Once the initial shock of your impending ladyhood subsides, there's the advertising. Not only are we sold floral wipes that would be better off dealing to a penis, but we're also given a variety of pad and tampax options to help us pretend our periods aren't happening at all. Buy this magical sanitary towel and you'll be ready to safely pop on some khaki pants and go for a sail! On a yacht! Look, we've developed a coloured string for your tampon so you can go rollerblading with your mates! Lipgloss! A disco! You're unstoppable! Women! I'm not suggesting that we can't go sailing, rollerblading or wear cycling shorts with pride, I'm saying the opposite: it's so obvious that we can do whatever we want during our scheduled bleed, TV really shouldn't have to point out that we can.
The other truth is, they're often tricky to navigate. When I was at school, period cramps were pitched as a figment of the adolescent imagination. But the bitch is real. Mine, luckily, aren't a guaranteed component of each cycle, but when they do show up all I want to do is lie in bed and be spoon-fed two-minute noodles while watching Notting Hill. Eventually I'm able to roll off my mattress and go rollerblading, but for many women I know, the horrible, gut-punching can last for days and feel infinitely worse than anything I've ever experienced. This isn't what's sold.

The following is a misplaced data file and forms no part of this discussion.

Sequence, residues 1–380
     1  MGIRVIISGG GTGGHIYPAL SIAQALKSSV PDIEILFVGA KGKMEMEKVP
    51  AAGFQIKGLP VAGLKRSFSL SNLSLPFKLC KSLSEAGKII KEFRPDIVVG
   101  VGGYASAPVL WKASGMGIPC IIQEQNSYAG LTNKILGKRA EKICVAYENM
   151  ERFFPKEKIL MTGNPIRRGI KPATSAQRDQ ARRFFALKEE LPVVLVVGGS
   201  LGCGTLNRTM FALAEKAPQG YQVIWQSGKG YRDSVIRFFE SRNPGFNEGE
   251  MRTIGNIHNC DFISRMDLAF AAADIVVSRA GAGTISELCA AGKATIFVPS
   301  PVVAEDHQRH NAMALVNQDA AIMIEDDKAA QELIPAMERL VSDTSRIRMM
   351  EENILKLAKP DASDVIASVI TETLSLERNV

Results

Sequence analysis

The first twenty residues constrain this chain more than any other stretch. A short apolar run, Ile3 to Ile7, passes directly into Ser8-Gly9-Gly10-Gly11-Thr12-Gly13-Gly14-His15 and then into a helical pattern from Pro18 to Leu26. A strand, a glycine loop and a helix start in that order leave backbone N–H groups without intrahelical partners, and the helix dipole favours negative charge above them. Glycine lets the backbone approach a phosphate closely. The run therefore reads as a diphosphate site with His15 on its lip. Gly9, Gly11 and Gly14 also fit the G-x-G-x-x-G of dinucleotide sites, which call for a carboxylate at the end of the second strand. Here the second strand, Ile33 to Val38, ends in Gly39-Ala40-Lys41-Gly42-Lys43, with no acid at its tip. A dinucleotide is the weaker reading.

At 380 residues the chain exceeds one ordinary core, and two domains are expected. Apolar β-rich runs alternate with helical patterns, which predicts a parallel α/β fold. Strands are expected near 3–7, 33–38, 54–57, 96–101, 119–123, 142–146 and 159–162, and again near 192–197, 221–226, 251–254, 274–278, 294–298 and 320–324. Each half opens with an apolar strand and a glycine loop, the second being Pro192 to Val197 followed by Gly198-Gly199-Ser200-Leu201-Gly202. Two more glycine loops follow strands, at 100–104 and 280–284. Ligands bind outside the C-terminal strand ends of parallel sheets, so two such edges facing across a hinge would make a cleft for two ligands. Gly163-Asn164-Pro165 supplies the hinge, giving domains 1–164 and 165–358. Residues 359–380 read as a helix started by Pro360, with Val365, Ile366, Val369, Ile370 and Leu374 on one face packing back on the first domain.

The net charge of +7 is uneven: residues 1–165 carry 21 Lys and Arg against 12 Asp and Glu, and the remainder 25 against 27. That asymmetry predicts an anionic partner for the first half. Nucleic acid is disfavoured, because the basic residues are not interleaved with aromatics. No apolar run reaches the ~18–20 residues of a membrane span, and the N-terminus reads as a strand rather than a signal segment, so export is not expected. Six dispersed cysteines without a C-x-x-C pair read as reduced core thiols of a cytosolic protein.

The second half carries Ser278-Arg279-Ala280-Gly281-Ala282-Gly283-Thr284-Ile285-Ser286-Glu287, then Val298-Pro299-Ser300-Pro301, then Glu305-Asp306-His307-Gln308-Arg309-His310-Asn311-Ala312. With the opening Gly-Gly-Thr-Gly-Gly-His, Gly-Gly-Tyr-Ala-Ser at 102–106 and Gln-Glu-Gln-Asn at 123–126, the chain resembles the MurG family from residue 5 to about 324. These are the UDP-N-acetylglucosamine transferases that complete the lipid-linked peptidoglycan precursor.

Modern companies offering modern services for the modern period are doing a little better: Hello Flo almost nailed it with a precocious eleven year-old gyno camp consult, selling their monthly mail order fem kits and their recent, quite excellent First Moon Party ad, even managing to make (SHOCK) fun of periods. Because, much like boners, they can be comical too. Yes, often when you drop your bag only Tampax falls out. Yes, they are frequently mistaken for lipstick. Yes, grey marle is permanently at risk. Yes, pads will unceremoniously stick to the odd pant leg. It's OK to laugh about periodical (lol) blood coming out of a vajayjay (except for that one shark advert, ew). Enough with the tabooing, please.